Contemporary -   I always got this wrong – thinking it was from the Kindergarten or first grade years - My grandchildren could paint this.

    This is a picture I created.  I call it:  Coaching in the ACC.

 What are they saying – what message is being communicated?  I have no idea. 
  I am wonder on that morning when Jesus entered into Jerusalem on the back of a donkey what people saw – what did they think about it? Did Judas appreciate it?  Did the Disciples truly understand what they were observing? The religious leaders did they grasp the meaning? The multitudes who cried “Hosanna” within the week cried “Crucify Him!” They missed it.  They were all part of the picture God was painting. They could not see it – comprehend it – understand it until later.


My question to you this morning is: Do you really understand, do you fully comprehend and appreciate what God was communicating to you through the Cross?   What we are going to do this morning is to go to a short Art Appreciation Class – but I am not the instructor – The Apostle Paul will be teaching us today through the inspiration of the Holy Spirit:  Romans 5 – Paul unpacks for us a View of the Cross - the Heart of the Artist:                                                              

For when we were yet without strength, in due time Christ died for the ungodly.  For scarcely will one die for a righteous man, yet perhaps for a good man some would even dare to die. But God commended His love toward us in that, while we were yet sinners, Christ died for us. Much more then, being now justified by His blood, we shall be saved from wrath through Him. For if, when we were enemies, we were reconciled to God by the death of His Son, much more, being reconciled, we shall be saved by His life. And not only that, but we shall also rejoice in God through our Lord Jesus Christ, by whom we have now received the atonement.                                Romans 5:6-11 (KJ21)

 God demonstrated His LOVE   for us!

For when we were yet without strength, in due time Christ died for the ungodly.  For scarcely will one die for a righteous man, yet perhaps for a good man some would even dare to die. But God commended His love toward us in that, while we were yet sinners, Christ died for us.   Romans 5:6-8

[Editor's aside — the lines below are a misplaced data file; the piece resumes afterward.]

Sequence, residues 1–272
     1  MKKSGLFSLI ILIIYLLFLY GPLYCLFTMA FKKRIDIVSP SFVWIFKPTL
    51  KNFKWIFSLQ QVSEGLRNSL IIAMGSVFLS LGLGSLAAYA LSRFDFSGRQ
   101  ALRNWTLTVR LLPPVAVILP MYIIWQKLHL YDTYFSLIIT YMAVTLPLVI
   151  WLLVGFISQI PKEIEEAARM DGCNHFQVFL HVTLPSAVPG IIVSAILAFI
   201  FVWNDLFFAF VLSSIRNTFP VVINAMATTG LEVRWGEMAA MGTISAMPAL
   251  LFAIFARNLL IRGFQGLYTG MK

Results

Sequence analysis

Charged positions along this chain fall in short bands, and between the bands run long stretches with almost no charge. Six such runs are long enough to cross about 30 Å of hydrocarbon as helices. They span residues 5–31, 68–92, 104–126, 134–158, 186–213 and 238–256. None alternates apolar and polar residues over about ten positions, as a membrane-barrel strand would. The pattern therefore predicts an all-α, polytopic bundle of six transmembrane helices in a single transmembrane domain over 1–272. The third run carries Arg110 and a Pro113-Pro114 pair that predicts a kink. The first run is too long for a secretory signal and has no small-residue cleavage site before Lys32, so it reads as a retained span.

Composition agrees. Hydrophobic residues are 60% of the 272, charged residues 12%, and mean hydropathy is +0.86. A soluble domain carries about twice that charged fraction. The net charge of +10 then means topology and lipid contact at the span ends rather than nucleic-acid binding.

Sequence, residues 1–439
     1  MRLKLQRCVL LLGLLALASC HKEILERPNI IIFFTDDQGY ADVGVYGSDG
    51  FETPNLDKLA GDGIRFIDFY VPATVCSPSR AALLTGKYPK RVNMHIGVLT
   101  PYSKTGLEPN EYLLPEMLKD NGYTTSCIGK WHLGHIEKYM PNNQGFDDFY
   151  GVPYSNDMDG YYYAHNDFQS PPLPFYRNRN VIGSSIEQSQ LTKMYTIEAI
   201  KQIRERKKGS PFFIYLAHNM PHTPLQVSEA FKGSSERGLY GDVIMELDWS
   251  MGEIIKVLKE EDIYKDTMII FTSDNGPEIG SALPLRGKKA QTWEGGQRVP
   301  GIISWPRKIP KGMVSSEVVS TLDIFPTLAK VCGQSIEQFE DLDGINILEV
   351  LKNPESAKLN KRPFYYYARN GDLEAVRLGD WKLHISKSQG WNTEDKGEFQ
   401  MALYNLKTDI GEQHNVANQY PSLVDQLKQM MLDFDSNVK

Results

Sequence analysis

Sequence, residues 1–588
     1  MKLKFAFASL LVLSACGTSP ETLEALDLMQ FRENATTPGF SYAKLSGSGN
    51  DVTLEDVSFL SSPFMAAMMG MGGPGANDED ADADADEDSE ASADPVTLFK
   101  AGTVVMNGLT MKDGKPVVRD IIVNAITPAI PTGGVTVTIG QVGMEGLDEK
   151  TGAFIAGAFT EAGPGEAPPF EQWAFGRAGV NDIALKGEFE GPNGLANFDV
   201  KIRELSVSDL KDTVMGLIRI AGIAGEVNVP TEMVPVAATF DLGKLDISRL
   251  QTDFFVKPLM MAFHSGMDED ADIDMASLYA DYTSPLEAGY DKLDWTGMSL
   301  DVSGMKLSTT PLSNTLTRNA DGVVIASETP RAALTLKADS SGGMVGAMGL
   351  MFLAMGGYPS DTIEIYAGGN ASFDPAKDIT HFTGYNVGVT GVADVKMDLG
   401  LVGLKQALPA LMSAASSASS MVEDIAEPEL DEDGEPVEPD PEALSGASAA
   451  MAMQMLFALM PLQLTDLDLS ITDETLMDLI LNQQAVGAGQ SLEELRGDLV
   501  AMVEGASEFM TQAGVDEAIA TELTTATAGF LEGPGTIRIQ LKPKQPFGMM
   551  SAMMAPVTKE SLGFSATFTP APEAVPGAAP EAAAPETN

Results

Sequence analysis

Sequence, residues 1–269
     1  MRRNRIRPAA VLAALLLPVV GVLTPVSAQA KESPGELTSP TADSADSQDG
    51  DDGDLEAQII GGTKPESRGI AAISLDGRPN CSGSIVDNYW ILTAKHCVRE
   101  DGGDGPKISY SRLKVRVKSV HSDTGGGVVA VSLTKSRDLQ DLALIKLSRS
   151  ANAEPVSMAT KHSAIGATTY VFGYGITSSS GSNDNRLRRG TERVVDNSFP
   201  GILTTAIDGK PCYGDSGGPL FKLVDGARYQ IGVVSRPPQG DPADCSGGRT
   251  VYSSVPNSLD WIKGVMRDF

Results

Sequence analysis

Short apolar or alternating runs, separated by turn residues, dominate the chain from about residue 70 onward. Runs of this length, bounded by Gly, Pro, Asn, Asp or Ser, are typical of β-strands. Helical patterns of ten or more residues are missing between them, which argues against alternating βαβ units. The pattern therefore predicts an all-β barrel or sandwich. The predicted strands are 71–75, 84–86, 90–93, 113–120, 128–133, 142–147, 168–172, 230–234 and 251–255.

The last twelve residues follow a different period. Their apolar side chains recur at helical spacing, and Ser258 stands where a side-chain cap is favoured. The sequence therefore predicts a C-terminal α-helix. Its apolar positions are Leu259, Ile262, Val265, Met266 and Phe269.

Examples: 1. Pastor of first church I ever attended.   The church family surprised the pastor: box with string attached – followed throughout the church – to parking lot – end of the string a set of keys to his new car.

2. Pastor in Michigan who served on staff of a growing church – Pastor became ill with a kidney disease. The staff pastor was tested and matched – donated one of his kidneys to save this man’s life.

3. Many of you can look at your left hand a view a ring that you have worn for many years.  That wedding ring is a symbol – it means that you have made a convent to love your spouse. To care for one another – put up with your differences and have a committed love for one another. (Some people break that promise – but God never breaks His promises)

But God commended (demonstrates) His love toward us in that, while we were yet sinners, Christ died for us.  Do you ever think “Does God love me?”  He loved us when we were: Helpless (without strength) [total depravity]; you were ungodly - still sinning (yet sinners) God is paining a portrait of his love for us! Don’t miss it! The Cross is a picture of how bad – sinful – lost we were and of the extreme heights and depths of God’s love for you and me.